Mitochondrial disorders (MDs) arise when dysfunction of the mitochondria causes impaired energy production in cells. The first MD was described by Luft in 1959 (1), and the term “mitochondrial disorder” has evolved to describe genetic defects in the function of the mitochondrial electron transport chain (2). Initial descriptions showed MDs as primarily neuromuscular diseases, and MDs were thought to arise exclusively from mutations in the mitochondrial DNA. It is now well known that defects in oxidative phosphorylation can be caused by mutations in either the nuclear or mitochondrial DNA and that these disorders affect multiple organ systems (3). Gastrointestinal (GI) symptoms are among the most prevalent. Constipation and gastroesophageal reflux are seen in many patients with MD; altered GI motility is often attributed as being responsible for these symptoms (3). There are no proven treatment strategies, and the present management is nonspecific.
Prospective trials in children with MD evaluating GI function have not been undertaken. A retrospective case series reported that 6 children with MD had GI disease, including gastric dysmotility, presenting in the neonatal period (4). Another retrospective series described 20 of 36 subjects with MD as having GI dysfunction. Failure to thrive was seen in 14 subjects, with a requirement for gastrostomy feeding in 2 (5). Dysphagia was seen in 4 subjects, intestinal pseudoobstruction in 3, impaired liver function in 3, cyclic vomiting in 2, and chronic diarrhea in 1. One child required colectomy (5). A third retrospective study found a high prevalence of MD in patients who presented with chronic intestinal pseudoobstruction (6). Lastly, researchers reported that the 3243A > G mtDNA mutation was detected in the stomach of 4 patients with gastric symptoms (3 with abnormal electrogastrography) (7). The study concluded that the gastric dysmotility was associated with accumulation of the 3243A > G mitochondrial DNA mutation in specific regions of the stomach (body more often than antrum).
Few studies have addressed GI function in children with MD. Questions that frequently arise include the frequency and severity of gastric emptying (GE) delay and/or prolonged intestinal transit time (ITT). We undertook a prospective clinical trial at our university center in a cohort of subjects with MD to assess these concerns.
All eligible patients with MD studied at the University of Texas Mitochondrial Clinic ages 3 to 18 years were invited to participate. Institutional review board approval was obtained by the University of Texas Medical School at Houston's committee for the protection of human subjects. The study was conducted in the nuclear medicine suite of our children's hospital. All of the eligible candidates carried a diagnosis of “definite” or “probable” MD based on the modified Walker criteria set forth by Bernier in 2002 (8) (supplemental digital content Table 1, http://links.lww.com/MPG/A106). The parents of all of the subjects provided written informed consent for the study following an explanation by the research team of the inherent risks and benefits involved in the nuclear medicine procedure. Subjects 6 years or older gave informed assent/consent before the study.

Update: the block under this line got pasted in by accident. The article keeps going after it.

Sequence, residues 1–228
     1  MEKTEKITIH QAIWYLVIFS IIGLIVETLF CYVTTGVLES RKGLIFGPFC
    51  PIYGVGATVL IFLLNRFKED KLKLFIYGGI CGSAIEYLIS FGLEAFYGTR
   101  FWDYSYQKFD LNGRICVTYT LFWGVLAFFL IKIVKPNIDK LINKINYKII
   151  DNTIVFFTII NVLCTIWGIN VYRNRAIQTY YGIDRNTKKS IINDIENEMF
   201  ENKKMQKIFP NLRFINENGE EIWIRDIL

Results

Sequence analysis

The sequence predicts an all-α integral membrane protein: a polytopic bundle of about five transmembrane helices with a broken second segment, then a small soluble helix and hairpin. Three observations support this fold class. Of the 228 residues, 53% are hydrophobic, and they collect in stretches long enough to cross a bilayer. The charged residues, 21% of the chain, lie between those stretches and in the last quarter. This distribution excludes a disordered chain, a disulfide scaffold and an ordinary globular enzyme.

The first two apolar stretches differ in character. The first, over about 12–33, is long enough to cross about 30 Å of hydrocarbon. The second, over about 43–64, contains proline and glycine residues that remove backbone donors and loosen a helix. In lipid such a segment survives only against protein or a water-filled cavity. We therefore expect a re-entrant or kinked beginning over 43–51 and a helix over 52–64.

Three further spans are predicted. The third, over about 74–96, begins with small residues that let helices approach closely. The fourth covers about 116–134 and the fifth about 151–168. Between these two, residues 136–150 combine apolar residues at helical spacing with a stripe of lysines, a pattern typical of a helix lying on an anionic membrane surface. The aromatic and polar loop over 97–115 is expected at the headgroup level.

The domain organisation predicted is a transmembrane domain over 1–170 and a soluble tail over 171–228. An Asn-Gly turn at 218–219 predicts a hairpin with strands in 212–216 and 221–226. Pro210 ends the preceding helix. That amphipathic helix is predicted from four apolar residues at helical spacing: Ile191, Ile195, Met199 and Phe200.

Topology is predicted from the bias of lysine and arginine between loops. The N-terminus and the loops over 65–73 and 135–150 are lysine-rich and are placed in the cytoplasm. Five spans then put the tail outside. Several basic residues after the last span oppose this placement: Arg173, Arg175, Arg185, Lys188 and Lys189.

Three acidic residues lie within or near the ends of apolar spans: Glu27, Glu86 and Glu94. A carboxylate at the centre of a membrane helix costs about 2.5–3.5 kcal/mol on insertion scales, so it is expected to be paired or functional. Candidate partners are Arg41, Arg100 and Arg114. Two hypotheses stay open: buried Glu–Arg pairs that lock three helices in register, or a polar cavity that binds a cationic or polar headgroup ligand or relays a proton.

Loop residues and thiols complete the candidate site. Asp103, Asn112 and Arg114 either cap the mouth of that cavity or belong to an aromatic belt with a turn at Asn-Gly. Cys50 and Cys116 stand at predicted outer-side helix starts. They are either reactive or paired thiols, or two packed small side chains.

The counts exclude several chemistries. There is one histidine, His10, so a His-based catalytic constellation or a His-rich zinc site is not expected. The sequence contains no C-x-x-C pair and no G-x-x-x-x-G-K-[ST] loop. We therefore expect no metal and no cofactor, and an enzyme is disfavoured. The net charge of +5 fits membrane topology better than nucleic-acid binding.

Inclusion criteria included one or more of the following GI symptoms: abdominal pain (AP), vomiting, constipation (defined as hard bowel movements at least once per week), diarrhea, and gastroesophageal reflux. AP was self-scored by study subjects using a visual analog scale, rated from 0 (no pain) to 10 (the most pain possible). Only verbal subjects were included. The distribution of GI symptoms in our population is shown in Figure 1.
Exclusion criteria included the presence of another GI disorder such as inflammatory bowel disease, celiac disease, or autoimmune enteropathy (ruled out by the treating physician by performing necessary biochemical workup and endoscopic evaluation with biopsies, if required); the need for parenteral nutrition; or a requirement for enteral feeding by a nasogastric, gastrostomy, or gastrojejunal tube within the last 6 weeks. Subjects with a history of disordered glucose metabolism, diabetes, or hypoglycemia and children who underwent a nuclear GE scan within the proceeding 1 year were also excluded. Pregnant females were excluded; all of the female subjects 11 years of age or older underwent a urine pregnancy test before enrollment.
Fifty-eight subjects who met the modified Walker criteria (8) for a diagnosis of MD were screened for initial evaluation. Of these, 32 did not meet enrollment criteria: 14 were receiving mechanical feeding via gastrostomy or gastrojejunal feeding tubes, 1 was receiving chronic parenteral nutrition, 6 reported no GI symptoms, and 5 had nuclear medicine testing performed within the last year. Parents of 2 subjects declined to participate, and 4 subjects were unable to enroll because they resided in a remote location. A total of 26 eligible subjects were enrolled.